I strongly suggest that you not have two purely electric cars. The Volt would allow you to use just electric for daily use under 35 miles, but allow you to drive it for as long as many miles as you need for extended trips. Really the smart choice.

      • Ikeg83

         actually the smart choice is, if someone will have two cars anyway, is to have a purely electric vehicle, such as the leaf or focus electric, and a second purely gas car, such as the focus or hyundai elantra.  These pure gas cars are half the price of the volt, yet rate 40 mpg highway, compared to the 37 mpg highway of the volt after the first 35 miles as it switches to running on it’s gas-powered generator.  The Volt only be the smart choice if the owner only had 1 car.

        • bill_brown

          yes my two daughters have similar cars, one a Ford Fiesta and the other a Honda Fit.  Each average 35 or better mpg combined driving, and cost <$20,000, and those are well equipped models.

          Other discussion, I think Virginia is offering $2,000 tax credit in addition to the Federal.  I'm not sure about Cali but that shouldn't be too difficult to find out on the state web site.

      • Cbg1

        Rental cars??? how often do we take extended trips?

  • alvord1430

    The more EVs the better.  I have an older generation Think City.  Folks don’t realize how dirt cheap it is to drive on electricity.  I’d like to see more 30 minute fast charge stations.  There are 1100 fast chargers in the world and 800 are in Japan.  Only a handful of them in America.

    • Cbg1

      This is not true, there are around 5,000 in the U.S.

      • alvord1430

        Excellent!  Where do I find the 5000 Level 3 chargers listed?  Plugshare? Carstations?  These sites only show about 30 not 5000.  Please let me know where they are.

        • bill_brown

          That rapid a charge rate can kill the battery’s life, not good to use very often, certainly not weekly or daily.

          • waltina

            Interesting.  Nissan says the rapid charging doesn’t harm the Leaf battery.  Japan has been doing lots of rapid charging for several years.  Haven’t heard about battery damage.

          • Pete

            As of 18 months ago, Nissan was saying that frequent fast-charging would lead to accelerated battery degradation:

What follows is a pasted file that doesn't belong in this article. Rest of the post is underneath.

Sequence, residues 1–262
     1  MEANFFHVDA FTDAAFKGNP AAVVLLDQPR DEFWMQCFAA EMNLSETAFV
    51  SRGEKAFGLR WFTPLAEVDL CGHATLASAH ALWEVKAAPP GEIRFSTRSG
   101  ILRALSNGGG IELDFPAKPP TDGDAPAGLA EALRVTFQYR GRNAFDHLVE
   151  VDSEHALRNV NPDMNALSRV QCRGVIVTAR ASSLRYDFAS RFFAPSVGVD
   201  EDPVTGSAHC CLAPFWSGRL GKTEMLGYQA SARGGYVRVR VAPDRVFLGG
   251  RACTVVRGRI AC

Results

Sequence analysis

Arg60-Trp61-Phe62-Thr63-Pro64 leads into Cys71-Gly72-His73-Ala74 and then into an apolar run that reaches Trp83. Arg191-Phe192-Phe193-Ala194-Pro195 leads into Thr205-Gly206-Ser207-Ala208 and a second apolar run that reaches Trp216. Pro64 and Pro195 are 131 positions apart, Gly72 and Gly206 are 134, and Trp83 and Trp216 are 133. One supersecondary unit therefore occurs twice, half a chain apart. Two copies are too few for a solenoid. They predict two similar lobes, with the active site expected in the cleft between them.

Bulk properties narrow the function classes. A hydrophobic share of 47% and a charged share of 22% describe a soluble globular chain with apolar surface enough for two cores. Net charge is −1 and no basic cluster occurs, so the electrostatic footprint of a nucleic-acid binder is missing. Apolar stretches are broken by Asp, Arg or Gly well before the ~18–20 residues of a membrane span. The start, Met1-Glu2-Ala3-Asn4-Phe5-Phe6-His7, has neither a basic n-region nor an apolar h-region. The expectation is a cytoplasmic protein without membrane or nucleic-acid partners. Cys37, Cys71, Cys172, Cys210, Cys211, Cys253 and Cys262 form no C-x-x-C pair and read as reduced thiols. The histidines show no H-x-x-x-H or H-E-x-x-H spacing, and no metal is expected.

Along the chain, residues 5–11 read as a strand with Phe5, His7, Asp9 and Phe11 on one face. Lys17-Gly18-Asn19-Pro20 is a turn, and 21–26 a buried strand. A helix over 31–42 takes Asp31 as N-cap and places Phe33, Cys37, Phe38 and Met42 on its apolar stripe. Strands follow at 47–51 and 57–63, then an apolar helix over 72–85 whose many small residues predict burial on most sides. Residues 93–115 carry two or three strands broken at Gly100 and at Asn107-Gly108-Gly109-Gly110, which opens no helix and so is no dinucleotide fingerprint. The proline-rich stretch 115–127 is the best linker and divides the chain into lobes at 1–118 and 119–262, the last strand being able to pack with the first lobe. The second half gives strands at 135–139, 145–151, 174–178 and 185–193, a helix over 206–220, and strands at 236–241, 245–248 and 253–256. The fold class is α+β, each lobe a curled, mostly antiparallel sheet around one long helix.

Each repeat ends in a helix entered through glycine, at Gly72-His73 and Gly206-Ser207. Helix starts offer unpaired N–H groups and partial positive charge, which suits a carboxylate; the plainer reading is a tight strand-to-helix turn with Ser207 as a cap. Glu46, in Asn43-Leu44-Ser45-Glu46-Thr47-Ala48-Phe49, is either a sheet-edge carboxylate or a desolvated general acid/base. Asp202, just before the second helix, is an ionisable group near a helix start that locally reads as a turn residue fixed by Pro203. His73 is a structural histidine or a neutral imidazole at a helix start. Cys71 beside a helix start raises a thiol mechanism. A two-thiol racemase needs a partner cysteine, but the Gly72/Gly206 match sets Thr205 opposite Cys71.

http://www.hybridcars.com/news/13-key-questions-and-answers-about-nissan-leaf-battery-pack-and-ordering-28007.html

          • Billy

            This is all great news.  Now when we can achieve at least 200 miles per day for us commuters, we will be there.  Until then, we are frankly not there.

  • http://profile.yahoo.com/M73G65FJ3FINEPJGZBYEYS42KE AlonsoC

    Two questions.  Are there tax incentives available?  Also, do you know if the state of California will provide an HOV sticker?

    • Dan Hollands

      There is a $7500 Federal Tax incentive and CA just announced that the Focus EV can drive in the HOV lane

  • PaloAltoWorldView

    Why is production ramping so slowly?  Production started right before Christmas 2011.  How many units does Ford expect to be sold in the first quarter of 2012?  Second quarter?  You would think that Ford, during the first 6 months of production, would produce 5,000 of them and sell at least half of them — some obviously need to be demo cars at the dealerships, and some in inventory.  Actually, they ought to have even more of them in inventory, for sales to be good.

    • Dan Hollands

      No one outside of Ford seems to know how production is going. I have one on order but dealer has no info as to when it might be delivered.

  • bill_brown

    “Another little convenience is that the charging port is on the driver’s side, so the driver does not have to stretch across the cabin of the vehicle to pay the charging station attendant, if any, and the attendant will not have to walk around to them either.”
    Someone is going to sit in their car for a couple of hours while it charges?  Sorry this scenario makes no sense to me.

    I’ve got my FFE on order this week, expecting October delivery.